We investigated the tumor aggressiveness (intratumoral and peritumoral lymphatic and blood vessel invasion by tumor emboli) and proliferative activity (mitotic count) of 45 patients with peripheral, superficially seated, node-negative (T1-2 NO MO), non-small-cell lung cancer treated with wedge resection alone between January 1982 and June 1988. Most patients were male (n = 39) with T1 (n = 25), small (mean diameter, 2.6 +/- 0.8 cm), squamous (n = 24), right-sided (n = 29) tumors located in either upper lobe (n = 35). The surgical specimens were studied by immunohistochemical staining with a monoclonal antibody targeting the factor VIII-related antigen. None of the tumors had lymphatic peritumoral or intratumoral invasion. Seven neoplasms (15 %) harbored blood vessel invasion by tumor cells, all but one of these invasions were within the substance of the tumor. The median mitotic count was 8 mitoses per 10 high-power fields (range, 1 to 42 mitoses), significantly (p = 0.003) higher in patients with blood vessel invasion than in those without. With a 24-month minimum follow-up, projected 3- and 5-year survivals are 79 % and 68 %, respectively. Eleven patients had relapses and died of their tumors because of either local (n = 5) or extrathoracic (n = 6) recurrence; three patients died without tumors of comorbidity. Among the six tumors recurring in extrathoracic sites, five (83 %) harbored intratumoral (n = 4) or peritumoral (n = 1) blood vessel invasion. Both recurrence of disease and death from non-small-cell lung cancer were significantly (p = 0.0009) higher for tumors with blood vessel invasion. By univariate analysis, significant predictors of survival were tumor stage (T1 vs T2, p = 0.008), size (less-than-or-equal-to 2.6 cm vs >2.6 cm, p = 0.039), mitotic count (less-than-or-equal-to 8 vs >8 mitoses, p = 0.0007), and blood vessel invasion (absence vs presence, p = 0.0001). By multivariate analysis, however, only blood vessel invasion retained its level of prognostic significance (p = 0.006). Data demonstrate that peripheral, node-negative non-small-cell lung cancers have a low metastatic potential. Whenever anatomically feasible, wedge resection seems to be an appropriate method of primary treatment.

MOST PERIPHERAL, NODE-NEGATIVE, NON-SMALL-CELL LUNG CANCERS HAVE LOW PROLIFERATIVE RATES AND NO INTRATUMORAL AND PERITUMORAL BLOOD AND LYMPHATIC VESSEL INVASION - RATIONALE FOR TREATMENT WITH WEDGE RESECTION ALONE

FONTANINI, GABRIELLA;
1992

Abstract

We investigated the tumor aggressiveness (intratumoral and peritumoral lymphatic and blood vessel invasion by tumor emboli) and proliferative activity (mitotic count) of 45 patients with peripheral, superficially seated, node-negative (T1-2 NO MO), non-small-cell lung cancer treated with wedge resection alone between January 1982 and June 1988. Most patients were male (n = 39) with T1 (n = 25), small (mean diameter, 2.6 +/- 0.8 cm), squamous (n = 24), right-sided (n = 29) tumors located in either upper lobe (n = 35). The surgical specimens were studied by immunohistochemical staining with a monoclonal antibody targeting the factor VIII-related antigen. None of the tumors had lymphatic peritumoral or intratumoral invasion. Seven neoplasms (15 %) harbored blood vessel invasion by tumor cells, all but one of these invasions were within the substance of the tumor. The median mitotic count was 8 mitoses per 10 high-power fields (range, 1 to 42 mitoses), significantly (p = 0.003) higher in patients with blood vessel invasion than in those without. With a 24-month minimum follow-up, projected 3- and 5-year survivals are 79 % and 68 %, respectively. Eleven patients had relapses and died of their tumors because of either local (n = 5) or extrathoracic (n = 6) recurrence; three patients died without tumors of comorbidity. Among the six tumors recurring in extrathoracic sites, five (83 %) harbored intratumoral (n = 4) or peritumoral (n = 1) blood vessel invasion. Both recurrence of disease and death from non-small-cell lung cancer were significantly (p = 0.0009) higher for tumors with blood vessel invasion. By univariate analysis, significant predictors of survival were tumor stage (T1 vs T2, p = 0.008), size (less-than-or-equal-to 2.6 cm vs >2.6 cm, p = 0.039), mitotic count (less-than-or-equal-to 8 vs >8 mitoses, p = 0.0007), and blood vessel invasion (absence vs presence, p = 0.0001). By multivariate analysis, however, only blood vessel invasion retained its level of prognostic significance (p = 0.006). Data demonstrate that peripheral, node-negative non-small-cell lung cancers have a low metastatic potential. Whenever anatomically feasible, wedge resection seems to be an appropriate method of primary treatment.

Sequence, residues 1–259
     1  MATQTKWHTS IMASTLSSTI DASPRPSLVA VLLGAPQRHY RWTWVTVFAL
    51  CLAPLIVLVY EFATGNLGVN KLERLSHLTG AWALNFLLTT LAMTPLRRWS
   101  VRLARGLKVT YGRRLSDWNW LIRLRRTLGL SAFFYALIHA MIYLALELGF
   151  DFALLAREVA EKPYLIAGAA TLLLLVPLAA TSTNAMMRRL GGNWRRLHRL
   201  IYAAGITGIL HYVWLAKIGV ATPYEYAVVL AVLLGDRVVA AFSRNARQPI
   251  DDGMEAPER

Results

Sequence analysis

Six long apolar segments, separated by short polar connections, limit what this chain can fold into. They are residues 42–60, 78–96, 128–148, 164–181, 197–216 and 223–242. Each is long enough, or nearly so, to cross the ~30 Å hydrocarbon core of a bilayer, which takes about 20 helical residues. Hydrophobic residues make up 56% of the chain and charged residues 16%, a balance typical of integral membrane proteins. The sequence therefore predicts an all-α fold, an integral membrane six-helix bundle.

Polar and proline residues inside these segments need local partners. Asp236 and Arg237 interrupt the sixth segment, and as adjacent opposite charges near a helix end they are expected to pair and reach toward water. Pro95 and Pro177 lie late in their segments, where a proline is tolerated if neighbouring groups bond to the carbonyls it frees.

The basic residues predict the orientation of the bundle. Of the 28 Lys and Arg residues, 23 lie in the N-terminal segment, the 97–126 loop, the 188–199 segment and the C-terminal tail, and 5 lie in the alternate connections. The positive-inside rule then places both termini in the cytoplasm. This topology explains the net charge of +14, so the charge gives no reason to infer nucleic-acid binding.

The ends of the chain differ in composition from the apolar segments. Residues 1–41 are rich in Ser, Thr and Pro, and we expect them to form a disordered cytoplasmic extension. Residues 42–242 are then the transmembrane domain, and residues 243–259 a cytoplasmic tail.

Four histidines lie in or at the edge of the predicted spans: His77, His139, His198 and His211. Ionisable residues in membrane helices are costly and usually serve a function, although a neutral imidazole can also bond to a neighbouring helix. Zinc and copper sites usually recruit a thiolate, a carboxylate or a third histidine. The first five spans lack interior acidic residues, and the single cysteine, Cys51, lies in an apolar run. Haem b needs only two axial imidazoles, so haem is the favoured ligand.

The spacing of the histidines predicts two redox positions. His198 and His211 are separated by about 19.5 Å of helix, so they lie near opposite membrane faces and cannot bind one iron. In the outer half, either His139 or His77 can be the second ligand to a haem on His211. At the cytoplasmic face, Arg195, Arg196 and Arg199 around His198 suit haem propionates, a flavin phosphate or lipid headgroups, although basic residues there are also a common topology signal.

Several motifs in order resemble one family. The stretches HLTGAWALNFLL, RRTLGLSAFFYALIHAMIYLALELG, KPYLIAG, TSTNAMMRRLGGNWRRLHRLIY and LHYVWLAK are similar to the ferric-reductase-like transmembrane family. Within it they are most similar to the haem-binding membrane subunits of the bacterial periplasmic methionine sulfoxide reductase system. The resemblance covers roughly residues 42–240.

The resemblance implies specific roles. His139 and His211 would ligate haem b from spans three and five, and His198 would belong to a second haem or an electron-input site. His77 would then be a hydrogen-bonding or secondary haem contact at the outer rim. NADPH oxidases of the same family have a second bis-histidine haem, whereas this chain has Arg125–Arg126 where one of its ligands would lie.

Macchiarini, P; Fontanini, Gabriella; Hardin, Jm; Pingitore, R; Angeletti, Ca
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Utilizza questo identificativo per citare o creare un link a questo documento: http://hdl.handle.net/11568/20744
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